By Matt Jones
During Roberto Martinez’s Everton tenure, there weren’t many times the club’s fanbase were longing for Tim Howard between the sticks. But the FA Cup quarter-final tie with Arsenal on March 8, 2014 was one.
Joel Robles, the Toffees’ cup ‘keeper at the time, stepped in that day and in the first period, was in close proximity to the 9,000 travelling Evertonians who had packed out one end of the Emirates Stadium. It was an uncomfortable 45 minutes for them all.
The Spaniard was hesitant, clumsy and distracted, his afternoon epitomised by a skewed punch onto his own bar from Bacary Sagna’s cross. It was the kind of gaffe that gets etched into the memory of those in attendance.
Although the ‘keeper could do little about any of the goals conceded in a subsequent 4-1 loss, Joel was written off by plenty that day, with some degree of credence. Fast forward three years, the 26-year-old has done his utmost to prove those naysayers wrong.
On reflection, perhaps it’s not a huge surprise. Robles comes from a strong goalkeeping background, learning his trade at Atletico Madrid and considered a genuine competitor to David De Gea, arguably the best in his position on the planet at Manchester United, and Sergio Asenjo, the proud protector of the best defensive record in La Liga with Villarreal at the time of writing.
When De Gea departed, Robles was set to become first choice at the Vicente Calderon, but a certain Thibaut Courtois joined on loan from Chelsea and he was usurped. The following season he moved to Wigan on loan, shone to help the Latics win the FA Cup and followed Martinez to Everton.
Inconsistencies like those aforementioned blighted his rare appearances under the Catalan, at least until he was given the gloves on a long-term basis last season in place of a toiling Howard. And just as his blossoming begun, Ronald Koeman arrived and instilled Maarten Stekelenburg as his first choice.
Robles was forced to wait once again. But after replacing the Dutch international in the loss to Liverpool, he has grasped his latest chance wholeheartedly.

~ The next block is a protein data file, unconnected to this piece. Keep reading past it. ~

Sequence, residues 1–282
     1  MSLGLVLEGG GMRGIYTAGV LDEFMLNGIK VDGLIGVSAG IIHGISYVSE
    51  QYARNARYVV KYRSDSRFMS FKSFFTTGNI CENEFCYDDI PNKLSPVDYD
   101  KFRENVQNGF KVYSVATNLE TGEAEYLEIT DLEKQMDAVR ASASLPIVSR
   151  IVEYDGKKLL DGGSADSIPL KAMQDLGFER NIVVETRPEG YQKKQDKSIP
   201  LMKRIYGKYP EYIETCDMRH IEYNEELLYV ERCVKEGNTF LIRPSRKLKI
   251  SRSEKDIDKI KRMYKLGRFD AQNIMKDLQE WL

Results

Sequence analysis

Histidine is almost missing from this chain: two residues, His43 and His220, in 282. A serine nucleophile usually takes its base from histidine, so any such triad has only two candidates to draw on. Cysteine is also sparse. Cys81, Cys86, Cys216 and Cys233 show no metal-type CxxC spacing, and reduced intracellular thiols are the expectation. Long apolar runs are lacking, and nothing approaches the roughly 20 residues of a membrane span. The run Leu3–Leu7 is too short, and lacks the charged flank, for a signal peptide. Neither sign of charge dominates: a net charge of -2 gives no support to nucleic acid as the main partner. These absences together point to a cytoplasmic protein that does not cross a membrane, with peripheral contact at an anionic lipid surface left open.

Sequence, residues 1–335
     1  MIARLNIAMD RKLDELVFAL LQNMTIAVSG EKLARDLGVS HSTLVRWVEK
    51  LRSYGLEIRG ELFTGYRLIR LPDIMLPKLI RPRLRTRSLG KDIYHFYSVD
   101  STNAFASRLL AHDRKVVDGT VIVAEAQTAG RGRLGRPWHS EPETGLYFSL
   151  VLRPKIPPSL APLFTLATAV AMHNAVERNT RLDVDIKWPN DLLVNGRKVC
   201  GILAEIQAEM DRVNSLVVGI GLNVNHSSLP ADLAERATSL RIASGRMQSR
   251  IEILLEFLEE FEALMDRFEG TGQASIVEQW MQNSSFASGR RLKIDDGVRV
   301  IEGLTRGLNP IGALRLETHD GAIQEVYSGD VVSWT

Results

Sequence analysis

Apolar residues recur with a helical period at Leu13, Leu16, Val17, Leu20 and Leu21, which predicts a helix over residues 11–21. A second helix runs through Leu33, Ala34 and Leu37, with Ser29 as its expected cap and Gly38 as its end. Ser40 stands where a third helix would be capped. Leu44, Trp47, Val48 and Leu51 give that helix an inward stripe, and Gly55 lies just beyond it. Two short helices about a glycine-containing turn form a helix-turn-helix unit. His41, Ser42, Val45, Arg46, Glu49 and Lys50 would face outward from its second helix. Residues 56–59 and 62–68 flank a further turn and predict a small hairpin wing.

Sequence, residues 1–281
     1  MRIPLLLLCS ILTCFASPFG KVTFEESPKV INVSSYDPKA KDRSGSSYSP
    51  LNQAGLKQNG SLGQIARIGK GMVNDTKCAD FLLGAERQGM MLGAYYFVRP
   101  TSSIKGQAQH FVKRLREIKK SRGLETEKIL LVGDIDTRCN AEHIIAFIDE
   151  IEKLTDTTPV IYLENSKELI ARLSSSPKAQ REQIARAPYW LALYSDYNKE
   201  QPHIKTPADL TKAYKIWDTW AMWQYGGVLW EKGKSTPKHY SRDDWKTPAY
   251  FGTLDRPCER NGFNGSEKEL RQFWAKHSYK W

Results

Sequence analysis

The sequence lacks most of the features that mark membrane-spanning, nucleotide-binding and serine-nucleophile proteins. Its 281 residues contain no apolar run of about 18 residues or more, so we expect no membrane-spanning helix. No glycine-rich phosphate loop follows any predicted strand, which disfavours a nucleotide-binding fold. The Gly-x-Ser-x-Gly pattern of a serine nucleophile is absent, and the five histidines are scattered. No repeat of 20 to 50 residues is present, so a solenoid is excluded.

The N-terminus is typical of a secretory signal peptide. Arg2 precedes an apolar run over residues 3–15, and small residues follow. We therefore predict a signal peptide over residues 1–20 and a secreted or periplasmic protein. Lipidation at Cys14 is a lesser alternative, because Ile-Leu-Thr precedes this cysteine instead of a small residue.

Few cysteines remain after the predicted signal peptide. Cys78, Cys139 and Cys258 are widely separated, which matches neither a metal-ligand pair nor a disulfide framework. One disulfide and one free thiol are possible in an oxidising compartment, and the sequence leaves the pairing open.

After another commanding performance in the 0-0 draw against Middlesbrough in inclement conditions at the Riverside Stadium—his fifth clean sheet in 10 league starts—the debate about Robles’ status at Everton is reaching a crescendo. Is the long-term goalkeeper fans have called for on their books after all?
It’s difficult to say with certainty exactly what a goalkeeper is, especially in comparison to other positions on the pitch. A No. 1 for a side like Everton, pushing to be involved in the top four shakeup, and a side lower down the table require completely different credentials.
As Everton progress, the hope is the man between the posts will have less to do and while that may sounds like a preferable situation for a stopper, it brings its own challenges.
Goalkeepers who have shone this season for modest sides—Tom Heaton at Burnley and Jordan Pickford at Sunderland, for example—have been busy. Yet if there were lulls in their involvement would they be so attuned to danger? Are they adept at springing into life sporadically?
That trait is what separates the goalkeeping elite from the bourgeoisie. De Gea, Gianluigi Buffon and Manuel Neuer can go hours, even weeks, without being seriously tested. Yet they’re perennially alert.
As things stand, Everton don’t really need, nor could they attract, a goalkeeper of such calibre. They require a hybrid of the two to fill the posts at Goodison Park as they seek to make a step forward. Joel is a man that’s beginning to tick more and more of those boxes.
Since he started on Boxing Day against Leicester City, statistically he’s shone. Per Squawka, no stopper has kept more clean sheets in that time, while his claim success rate is perfect. Overall, while he’s only averaged 2.10 saves per game, he makes three stops for every goal against him, better than De Gea (2.10), Courtois (2.47) and Hugo Lloris (2.56).
There have been some critical saves among them too. At Palace, a low parry from Scott Dann with the scores level proved vital, with Everton pushing on to win the game. Against AFC Bournemouth, Robles sprung to his right to keep out what would have been an equalising strike from Harry Arter.
In the tussle with Stoke City, the Spaniard kept Everton in the game at 1-0 down. And at Boro, his grab from Rudy Gestede’s thunderous header was enough to earn the Toffees a dogged draw. All, theoretically, were point-winning contributions.
There’s added extras too. Joel is always looking to distribute quickly, is authoritative in his organisation of the defence and sharp off his line; not to mention speedy is in his pursuit to join celebrations at the other end of the pitch.
In terms of commanding his area, he continues to grow in confidence too, helping alleviate pressure by utilising his rangy somatotype to full effect, plucking crosses out of the air almost impudently. It’s arguably the most impressive segment of his game and for a player who was so lost under the high ball at Arsenal almost three years ago, it’s testament to his willingness to learn and improve.
Given those early struggles and the doubts implanted in the psyche of Evertonians, it feels like an enormous leap to anoint Robles as the club’s No. 1. Yet based solely on the level of his recent displays, not to mention the gradual progression he continues to make, those who feel Joel is ready can say so with increasing conviction.